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Armageddon in China

Posted July 28, 2022

Matt Insley

By Matt Insley

Armageddon in China

The stories are legendary. 

The bigger the crisis… the higher the stakes… the more profit there is to be made… 

Nathan Mayer Rothschild’s investment play on the battle of Waterloo has been called one of the greatest trades in history. Piling massive gold holdings into British government bonds after Napoleon's loss helped build a financial empire. 

At the time, writers told a vivid story of Nathan witnessing the victory firsthand and racing couriers to London before other investors could act. 

The truth may be less exciting. Records show the news had already reached London. He just made a smart bet based on the outcome. 

Easier said than done. 

After generations of relative peace, we’ve become complacent. A war raging in Europe is a wake up call. 

We need to position our portfolios for armed conflict.

But the situation in Ukraine is minor compared to what’s worrying corporate executives right now.

A Chinese move on Taiwan has moved near the top of the list of fears. 

Full-scale invasion? Blockade? 

CEOs are weighing the odds, and investors are weighing their options…

Send your opinions to,

Your Rundown for Thursday, July 28, 2022...

Economic Armageddon for China… and the World

There’s one foundational argument for why China won’t invade Taiwan: It’s not in China’s objective self-interest. It would harm their economy and international reputation, not to mention the inherent practical risks of pulling off such an invasion. 


That’s exactly why so many people were skeptical about Russia storming Ukraine.

It’s hard to pin down a percentage likelihood that China will flood the island democracy with foot soldiers. Surely it’s below the 10% chance that many analysts put on a full-scale Russian march toward Kyiv last February. Russian troops had already mobilized, surrounding Ukraine on four sides.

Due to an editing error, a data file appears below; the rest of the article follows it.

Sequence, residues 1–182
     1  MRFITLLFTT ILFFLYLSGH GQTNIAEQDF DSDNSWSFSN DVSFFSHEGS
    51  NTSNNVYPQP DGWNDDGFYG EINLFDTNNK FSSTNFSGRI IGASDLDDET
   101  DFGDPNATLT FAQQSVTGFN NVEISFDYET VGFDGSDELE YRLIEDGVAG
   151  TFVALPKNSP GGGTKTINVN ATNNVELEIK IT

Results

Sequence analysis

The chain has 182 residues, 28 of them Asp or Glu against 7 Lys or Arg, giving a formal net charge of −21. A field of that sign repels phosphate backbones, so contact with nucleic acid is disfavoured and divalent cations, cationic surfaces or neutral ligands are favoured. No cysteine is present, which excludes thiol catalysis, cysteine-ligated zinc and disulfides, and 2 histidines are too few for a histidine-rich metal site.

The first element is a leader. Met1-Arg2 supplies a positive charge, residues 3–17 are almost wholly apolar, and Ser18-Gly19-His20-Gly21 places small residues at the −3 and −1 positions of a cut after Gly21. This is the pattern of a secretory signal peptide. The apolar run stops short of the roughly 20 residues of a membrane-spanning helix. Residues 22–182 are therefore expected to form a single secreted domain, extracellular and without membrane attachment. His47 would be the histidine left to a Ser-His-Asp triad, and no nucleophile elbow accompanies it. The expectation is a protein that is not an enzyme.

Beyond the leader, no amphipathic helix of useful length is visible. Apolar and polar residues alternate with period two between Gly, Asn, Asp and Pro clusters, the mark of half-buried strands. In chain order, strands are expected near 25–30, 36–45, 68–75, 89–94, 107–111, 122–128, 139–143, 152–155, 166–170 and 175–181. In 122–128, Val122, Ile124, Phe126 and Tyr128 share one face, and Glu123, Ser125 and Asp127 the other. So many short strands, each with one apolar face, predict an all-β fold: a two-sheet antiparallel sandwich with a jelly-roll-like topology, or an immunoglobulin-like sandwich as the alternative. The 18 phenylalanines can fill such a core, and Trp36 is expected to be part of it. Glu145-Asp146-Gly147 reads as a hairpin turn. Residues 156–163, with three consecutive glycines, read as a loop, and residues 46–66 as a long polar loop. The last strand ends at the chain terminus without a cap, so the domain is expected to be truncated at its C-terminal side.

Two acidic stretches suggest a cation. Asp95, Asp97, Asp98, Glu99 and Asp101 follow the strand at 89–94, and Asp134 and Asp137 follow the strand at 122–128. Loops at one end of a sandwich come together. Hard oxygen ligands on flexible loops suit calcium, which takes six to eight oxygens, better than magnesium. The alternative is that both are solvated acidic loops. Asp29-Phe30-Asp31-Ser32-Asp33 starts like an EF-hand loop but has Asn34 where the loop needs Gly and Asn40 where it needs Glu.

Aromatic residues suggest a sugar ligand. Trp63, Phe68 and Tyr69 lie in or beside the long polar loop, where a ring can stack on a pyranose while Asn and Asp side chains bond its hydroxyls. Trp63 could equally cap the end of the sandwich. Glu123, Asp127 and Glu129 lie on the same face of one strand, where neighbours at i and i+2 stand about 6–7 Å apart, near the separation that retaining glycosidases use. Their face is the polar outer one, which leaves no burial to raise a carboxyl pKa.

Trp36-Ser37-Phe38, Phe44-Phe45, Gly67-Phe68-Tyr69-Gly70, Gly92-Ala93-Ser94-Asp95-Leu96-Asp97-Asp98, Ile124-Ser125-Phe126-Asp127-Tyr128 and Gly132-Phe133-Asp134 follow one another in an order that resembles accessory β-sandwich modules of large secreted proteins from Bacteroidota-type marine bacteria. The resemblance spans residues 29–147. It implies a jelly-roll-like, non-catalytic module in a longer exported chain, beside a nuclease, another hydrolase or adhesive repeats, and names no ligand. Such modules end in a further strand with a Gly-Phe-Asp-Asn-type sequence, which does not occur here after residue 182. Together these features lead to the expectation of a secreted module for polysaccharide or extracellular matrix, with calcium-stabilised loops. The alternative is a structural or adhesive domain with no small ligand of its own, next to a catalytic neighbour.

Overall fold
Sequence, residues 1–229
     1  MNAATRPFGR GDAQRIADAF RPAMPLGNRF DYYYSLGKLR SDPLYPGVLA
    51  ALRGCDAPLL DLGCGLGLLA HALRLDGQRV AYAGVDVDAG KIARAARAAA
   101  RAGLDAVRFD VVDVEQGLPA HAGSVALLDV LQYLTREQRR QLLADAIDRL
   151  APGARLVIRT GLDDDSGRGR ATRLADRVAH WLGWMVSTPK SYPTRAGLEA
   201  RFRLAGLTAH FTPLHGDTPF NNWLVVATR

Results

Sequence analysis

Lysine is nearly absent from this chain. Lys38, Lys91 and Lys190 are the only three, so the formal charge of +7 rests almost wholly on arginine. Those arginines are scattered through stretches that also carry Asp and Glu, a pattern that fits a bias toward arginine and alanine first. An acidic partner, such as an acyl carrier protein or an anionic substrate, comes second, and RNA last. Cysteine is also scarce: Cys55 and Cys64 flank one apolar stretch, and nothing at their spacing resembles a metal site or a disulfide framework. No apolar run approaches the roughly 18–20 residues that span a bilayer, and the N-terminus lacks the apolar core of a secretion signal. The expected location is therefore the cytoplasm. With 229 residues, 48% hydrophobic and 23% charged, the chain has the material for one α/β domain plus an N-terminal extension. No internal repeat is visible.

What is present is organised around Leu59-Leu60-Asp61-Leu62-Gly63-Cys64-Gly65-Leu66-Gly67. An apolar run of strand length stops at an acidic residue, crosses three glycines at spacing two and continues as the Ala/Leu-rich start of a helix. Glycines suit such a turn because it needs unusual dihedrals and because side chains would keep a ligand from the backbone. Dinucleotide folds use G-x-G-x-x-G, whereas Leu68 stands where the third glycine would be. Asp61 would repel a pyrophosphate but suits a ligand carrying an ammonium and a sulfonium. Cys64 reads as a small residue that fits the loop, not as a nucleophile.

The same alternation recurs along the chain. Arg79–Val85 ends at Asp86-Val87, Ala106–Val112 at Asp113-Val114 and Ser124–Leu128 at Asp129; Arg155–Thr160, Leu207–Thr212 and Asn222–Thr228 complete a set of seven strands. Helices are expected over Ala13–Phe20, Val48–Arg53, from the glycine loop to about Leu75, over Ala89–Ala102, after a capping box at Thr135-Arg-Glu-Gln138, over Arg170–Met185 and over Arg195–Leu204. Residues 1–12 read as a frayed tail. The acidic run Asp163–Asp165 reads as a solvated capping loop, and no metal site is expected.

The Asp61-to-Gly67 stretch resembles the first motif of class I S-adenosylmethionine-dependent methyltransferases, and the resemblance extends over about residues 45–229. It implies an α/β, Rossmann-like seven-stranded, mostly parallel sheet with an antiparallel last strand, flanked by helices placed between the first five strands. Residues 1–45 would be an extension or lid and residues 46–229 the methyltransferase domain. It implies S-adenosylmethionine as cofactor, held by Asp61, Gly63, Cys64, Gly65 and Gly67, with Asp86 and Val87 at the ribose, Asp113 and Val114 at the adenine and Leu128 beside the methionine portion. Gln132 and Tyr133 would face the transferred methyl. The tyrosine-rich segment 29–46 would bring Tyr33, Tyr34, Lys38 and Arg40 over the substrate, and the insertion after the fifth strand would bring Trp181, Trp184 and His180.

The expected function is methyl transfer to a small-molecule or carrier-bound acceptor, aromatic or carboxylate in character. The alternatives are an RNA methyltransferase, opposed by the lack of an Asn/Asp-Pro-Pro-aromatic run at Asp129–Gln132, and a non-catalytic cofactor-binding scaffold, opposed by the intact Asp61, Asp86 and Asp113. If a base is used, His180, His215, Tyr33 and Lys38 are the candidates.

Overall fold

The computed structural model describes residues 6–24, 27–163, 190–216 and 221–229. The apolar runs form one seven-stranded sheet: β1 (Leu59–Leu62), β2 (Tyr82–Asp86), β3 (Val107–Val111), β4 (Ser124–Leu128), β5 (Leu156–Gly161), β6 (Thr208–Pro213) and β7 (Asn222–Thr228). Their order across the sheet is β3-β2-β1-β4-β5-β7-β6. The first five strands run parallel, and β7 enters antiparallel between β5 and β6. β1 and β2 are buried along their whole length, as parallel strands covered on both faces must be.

But the CEO’s making billion-dollar decisions are very worried… 

After all, the odds go from 10% to 100% pretty quickly!

“Multinationals across all sectors are allocating probability scores to different scenarios. In those assessments, an all-out Chinese invasion of Taiwan is still viewed as a marginal risk,” the Financial Times reports.

“However, the potential damage would be enormous if things came to a head. ‘The main lesson from Ukraine is that the west will hit an aggressor with very significant sanctions. Apply what we have seen in Russia to China, and you have Armageddon for the Chinese economy and for the global economy,’” says one executive at a Western tech company. If that does happen, the winners and losers depend on the time horizon…

“If there were full-fledged aggression from China, it would be catastrophic not just for Taiwan Semiconductor Manufacturing but for the global stock market, because it would completely disrupt advanced chip supply,” according to Patrick Chen, a risk analyst in Taipei. “It would also be catastrophic for China because its own chipmakers cannot supply those chips locally.”

But in the long term, it plays into the hands of U.S. chip makers and chip equipment makers. 

Just yesterday, the Senate passed a bill that would provide $52 billion in subsidies for domestic semiconductor firms. 

Our technology expert Ray Blanco highlights “it will be bullish for a lot of semis, especially semiconductor equipment companies… ASML Holdings (ASML)... KLA Corp (KLAC)Applied Materials (AMAT)... Micron Technology (MU)... Texas Instruments (TXN)... the list goes on.

Escalating tensions in the Taiwan Strait only increase the momentum to support companies like these. 

A full-fledged war? That would disrupt the whole industry, and companies operating in the U.S. could be big winners. 

Market Rundown for Thursday, July 28, 2022

The S&P 500 is down 0.50% to 4,000. 

A barrel of West Texas crude is selling for $97.74 per barrel. 

Gold is rallying: up $30 to $1,750 per ounce. 

And Bitcoin is in the green at the time of writing at $22,840.

Send your comments and questions to,

Check back for more tomorrow; until then, take care! 

For The Rundown,

Matt Insley

Matt Insley
Publisher, The Rundown

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